How Does John Stuart Mill Balance Individual Freedom With the General Welfare of the Greatest Good for the Greatest Number?
He was one of the last systematic philosophers, making significant contributions in logic, metaphysics, epistemology, ethics, political philosophy, and social theory. He was also an important public figure, articulating the liberal platform, pressing for various liberal reforms, and serving in Parliament.
Just as science was beginning to understand the workings of cause and effect in the body, so ethics would explain the causal relationships of the mind. Bentham rejected religious authority and wrote a rebuttal to the Declaration of Independence in which he railed against natural rights as “rhetorical nonsense, nonsense upon stilts.” Instead, the fundamental unit of human action for him was utility—solid, certain, and factual. What is utility? Bentham’s fundamental axiom, which underlies utilitarianism, was that all social morals and government legislation should aim for producing the greatest happiness for the greatest number of people. Utilitarianism, therefore, emphasizes the consequences or ultimate purpose of an act rather than the character of the actor, the actor’s motivation, or the particular circumstances surrounding the act. It has these characteristics: (1) universality, because it applies to all acts of human behavior, even those that appear to be done from altruistic motives; (2) objectivity, meaning it operates beyond individual thought, desire, and perspective; (3) rationality, because it is not based in metaphysics or theology; and (4) quantifiability in its reliance on utility.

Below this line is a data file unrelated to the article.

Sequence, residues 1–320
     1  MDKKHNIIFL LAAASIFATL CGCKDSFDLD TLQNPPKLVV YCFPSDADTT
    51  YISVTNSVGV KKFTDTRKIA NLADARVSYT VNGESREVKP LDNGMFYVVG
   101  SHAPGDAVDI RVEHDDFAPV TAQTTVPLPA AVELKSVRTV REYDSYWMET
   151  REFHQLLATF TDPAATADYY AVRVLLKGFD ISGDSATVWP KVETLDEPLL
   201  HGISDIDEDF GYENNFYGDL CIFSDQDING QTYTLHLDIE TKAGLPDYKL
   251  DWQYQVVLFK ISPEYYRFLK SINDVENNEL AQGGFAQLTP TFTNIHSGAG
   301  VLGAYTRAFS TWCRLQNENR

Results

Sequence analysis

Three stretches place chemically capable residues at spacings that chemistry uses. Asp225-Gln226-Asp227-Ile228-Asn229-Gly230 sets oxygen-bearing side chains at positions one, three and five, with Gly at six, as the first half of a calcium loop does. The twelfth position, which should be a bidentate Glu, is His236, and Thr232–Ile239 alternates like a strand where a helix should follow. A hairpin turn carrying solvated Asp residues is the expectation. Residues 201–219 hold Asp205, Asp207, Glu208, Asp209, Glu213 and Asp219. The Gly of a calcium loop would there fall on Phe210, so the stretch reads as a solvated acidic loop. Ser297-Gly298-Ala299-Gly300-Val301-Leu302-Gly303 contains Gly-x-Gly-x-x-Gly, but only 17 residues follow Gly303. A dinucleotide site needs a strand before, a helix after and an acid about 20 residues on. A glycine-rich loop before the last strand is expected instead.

For one, there has never been a satisfactory definition of “harm,” and what one person finds harmful another may find beneficial. For Mill, harm was defined as the set back of one’s interests. Thus, harm was defined relative to an individual’s interests. But what role, if any, should society play in defining what is harmful or in determining who is harmed by someone’s actions? For instance, is society culpable for not intervening in cases of suicide, euthanasia, and other self-destructive activities such as drug addiction? These issues have become part of the public debate in recent years and most likely will continue to be as such actions are considered in a larger social context (Ian Shapiro).
Therefore, there is a strong utility interest in preserving and enforcing what justice commands. Most of the applications of justice discussed earlier are ways to maintain the notion of moral rights. The Greatest happiness principle doesn’t have meaning unless each person’s happiness is valued exactly the same as somebody else’s, which is basically the idea of impartiality and equality. In addition, people are seen to have an equal entitlement to happiness, and an equal entitlement to the means of happiness.
Thomas Hodgskin, The Natural and Artificial Right of Property, Contrasted. (London: R. Steil, 1832). http://oll.libertyfund.org/titles/hodgskin-the-natural-and-artificial-right-of-property-contrasted.
Encyclopedia of Philosophy, s.v. “Coleridge, Samuel Taylor (1772–1834),” (by Michael Moran). http://www.encyclopedia.com/humanities/encyclopedias-almanacs-transcripts-and-maps/coleridge-samuel-taylor-1772-1834
Ian Shapiro, “Lecture 7 – The Neoclassical Synthesis of Rights and Utility.” http://oyc.yale.edu/political-science/plsc-118/lecture-7